When Bari J. sent me this quilt top to do up for Fall Market, she said I could do whatever I wanted, and since it was so simple, maybe do something fun. “OK, but, can I use wool thread,” I asked? “Whatever you want,” she replied. Delightful words!
As I was looking at the top, It had squares of “White Linen” fabric interspersed with the prints, and I knew that those were the squares to do something special. I didn’t want to compete with her prints from Millie Fleur because this was for Quilt Market, so the background quilting was simple and a riff off of one of the blender prints. In the end, I decided to do something I hadn’t seen anyone else do, quilting with wool thread.
It’s no secret by now, I love pretty much anything that has wool in it. I used wool covers for my cloth diapered baby butts, I am constantly making wool applique designs, and I happily bartered knitted goods for a quilting job I did (while I love knitted stuff, knitting is *not* something I enjoy unless it’s easy and mindless, yet still cool, like this clapotis design). My Big Idea for Bari’s quilt was to use Lana wool thread by Aurifil to quilt a flower design from one of Bari’s prints (“Line Drawing”) in each of the solid blocks. Here’s how I did that:
Prepping the Design
First, I used a light board (or a window works!) to sketch out the flowers I wanted to use.
Then I took them to my photocopier and enlarged them individually to the size I wanted. This took some fiddling to get them the right size. When I had what I wanted, I put them underneath the fabric and traced around the design with an air-erasable purple pen.
Preparing to Quilt
This tutorial is for either a domestic or longarm machine (I quilted this on my BERNINA Q24).
Wool thread can be fairly fuzzy, so before you begin, get your tools in place:
- Top stitch or jeans needle, size 100
- polyester bobbin thread (I had the best luck with a 50 or 60 wt. thread)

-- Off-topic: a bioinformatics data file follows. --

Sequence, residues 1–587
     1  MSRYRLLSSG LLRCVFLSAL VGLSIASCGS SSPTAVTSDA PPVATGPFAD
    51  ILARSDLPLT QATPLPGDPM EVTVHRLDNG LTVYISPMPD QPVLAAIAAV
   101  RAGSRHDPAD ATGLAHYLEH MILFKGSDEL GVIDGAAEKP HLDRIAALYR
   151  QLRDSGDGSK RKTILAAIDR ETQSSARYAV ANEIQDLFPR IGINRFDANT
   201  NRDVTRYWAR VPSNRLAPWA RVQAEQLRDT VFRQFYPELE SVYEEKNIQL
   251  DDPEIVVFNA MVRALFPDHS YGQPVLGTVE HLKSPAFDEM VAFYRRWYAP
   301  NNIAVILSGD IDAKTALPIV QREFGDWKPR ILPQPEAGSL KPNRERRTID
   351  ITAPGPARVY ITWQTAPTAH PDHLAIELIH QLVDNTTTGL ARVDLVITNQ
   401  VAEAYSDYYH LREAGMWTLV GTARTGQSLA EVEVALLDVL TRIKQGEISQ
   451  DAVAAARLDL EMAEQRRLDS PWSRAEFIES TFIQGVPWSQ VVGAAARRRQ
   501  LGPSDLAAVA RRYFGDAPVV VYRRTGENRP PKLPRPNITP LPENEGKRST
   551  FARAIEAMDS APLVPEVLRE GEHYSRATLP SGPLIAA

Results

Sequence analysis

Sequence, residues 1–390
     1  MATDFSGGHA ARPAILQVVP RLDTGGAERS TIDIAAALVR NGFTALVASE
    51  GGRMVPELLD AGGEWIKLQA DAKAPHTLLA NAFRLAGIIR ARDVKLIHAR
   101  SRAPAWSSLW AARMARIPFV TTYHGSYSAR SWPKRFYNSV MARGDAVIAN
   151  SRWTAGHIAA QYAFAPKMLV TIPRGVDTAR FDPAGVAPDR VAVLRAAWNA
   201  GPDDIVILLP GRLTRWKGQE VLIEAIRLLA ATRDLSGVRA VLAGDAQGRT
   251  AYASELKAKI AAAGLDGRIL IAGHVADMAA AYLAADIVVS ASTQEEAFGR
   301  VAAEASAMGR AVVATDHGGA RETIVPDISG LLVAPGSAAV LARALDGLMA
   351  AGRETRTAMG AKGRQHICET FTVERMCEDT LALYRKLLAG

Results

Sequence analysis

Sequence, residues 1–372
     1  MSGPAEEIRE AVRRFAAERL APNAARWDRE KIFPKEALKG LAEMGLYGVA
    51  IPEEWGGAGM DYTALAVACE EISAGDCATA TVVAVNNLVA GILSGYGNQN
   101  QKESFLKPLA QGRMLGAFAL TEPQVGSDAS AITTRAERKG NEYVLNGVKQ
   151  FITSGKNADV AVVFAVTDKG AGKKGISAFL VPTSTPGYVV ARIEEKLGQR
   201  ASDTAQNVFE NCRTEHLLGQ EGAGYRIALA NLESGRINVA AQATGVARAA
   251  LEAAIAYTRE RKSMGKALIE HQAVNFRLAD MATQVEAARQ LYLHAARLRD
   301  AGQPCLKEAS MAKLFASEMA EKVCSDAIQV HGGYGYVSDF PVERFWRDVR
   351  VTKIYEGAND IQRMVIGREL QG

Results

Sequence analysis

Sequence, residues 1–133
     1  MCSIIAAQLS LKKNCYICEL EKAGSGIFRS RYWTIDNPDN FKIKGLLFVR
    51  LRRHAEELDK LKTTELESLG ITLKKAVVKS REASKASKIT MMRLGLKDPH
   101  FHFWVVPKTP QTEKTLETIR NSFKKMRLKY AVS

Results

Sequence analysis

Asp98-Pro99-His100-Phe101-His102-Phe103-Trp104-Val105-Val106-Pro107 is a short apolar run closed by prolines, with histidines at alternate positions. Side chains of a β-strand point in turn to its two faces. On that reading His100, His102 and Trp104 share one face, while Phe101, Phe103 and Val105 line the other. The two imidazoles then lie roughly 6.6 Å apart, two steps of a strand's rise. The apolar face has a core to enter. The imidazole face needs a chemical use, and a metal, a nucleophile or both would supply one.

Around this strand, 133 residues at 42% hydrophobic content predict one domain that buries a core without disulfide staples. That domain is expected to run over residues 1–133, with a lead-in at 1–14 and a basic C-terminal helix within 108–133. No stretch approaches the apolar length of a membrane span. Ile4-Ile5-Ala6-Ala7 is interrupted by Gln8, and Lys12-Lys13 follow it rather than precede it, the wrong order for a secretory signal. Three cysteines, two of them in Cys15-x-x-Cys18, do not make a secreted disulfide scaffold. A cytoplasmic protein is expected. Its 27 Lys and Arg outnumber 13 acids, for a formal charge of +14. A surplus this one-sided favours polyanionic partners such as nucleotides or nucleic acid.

- If you’re using stitch regulation, use 8 or 9 stitches per inch
- A practice sandwich to adjust tension. You will most likely need to lower your top tension a great deal to accommodate the thickness of the thread. There’s so much texture, it also doesn’t show at all if the bobbin thread pulls to the top a bit.
Wool thread does not have the same characteristics as polyester or cotton. Running over it more than two times usually result in a popped thread, so I would recommend crossing over your quilting lines as little as possible.
Plan your attack ahead, before you begin quilting. Also, don’t be afraid to see a little fuzz on the back of your quilt. Some of the fiber will be pushed through, but it shouldn’t be the whole thread!
Slooooow down. This is one of those things where slowing down your quilting speed pays off.
Quilting the Flowers
The first thing I did was to outline the shape of each flower.
After I had the outline of what I wanted, I then added details.
You can tell that this is kind of meh. At this point, I was seriously questioning my sanity, but my original inspiration had been those little Victorian postcards with flowers on them, so I knew I just needed to add more detail. I framed each of the flowers with a variegated thread (Aurifil 50 wt cotton)
and then switched to So Fine white poly (also 50 wt) to echo around the flower and add pebbles. I also quilted the background so it looked like the frames were sitting on top of it.
I hope you enjoyed this tutorial, and won’t be afraid to experiment with wool thread in your own projects! Let me know how it goes, and I’d love to see what you do! You can tag me on Instagram using @mandaleiquilts
I have never used wool thread. How does it hold up through washings? I love your designs & finished product!
With thhe long stitch length, I’d probably wash it sparingly. I know it is supposed to be colorfast, so if you used it for wool applique, I’d think it would be as washable as that?
Lovely work Mandy! Tip for future photocopying enlargements/reductions: it’s only time your WANTS come before your NEEDS.
You want 10″ and have 8″. 10/8 = 1.25, so enlarge it 125%. Or I want 6″ and have 14″, so 6/14 = .428, so reduce it to 43%. Have fun with that!
Great tip, thanks Nicole!
Thank you this was just what I needed to know. I am arrempting to quilt a Sue Spargo BOM 2009 . I am not on a long arm though but my Bernina 440.
Glad it helped! You should be just fine, but do check yourbobbin case for lint more frequently, to make sure nothing binds up. I’d love to see your project, and have a great time!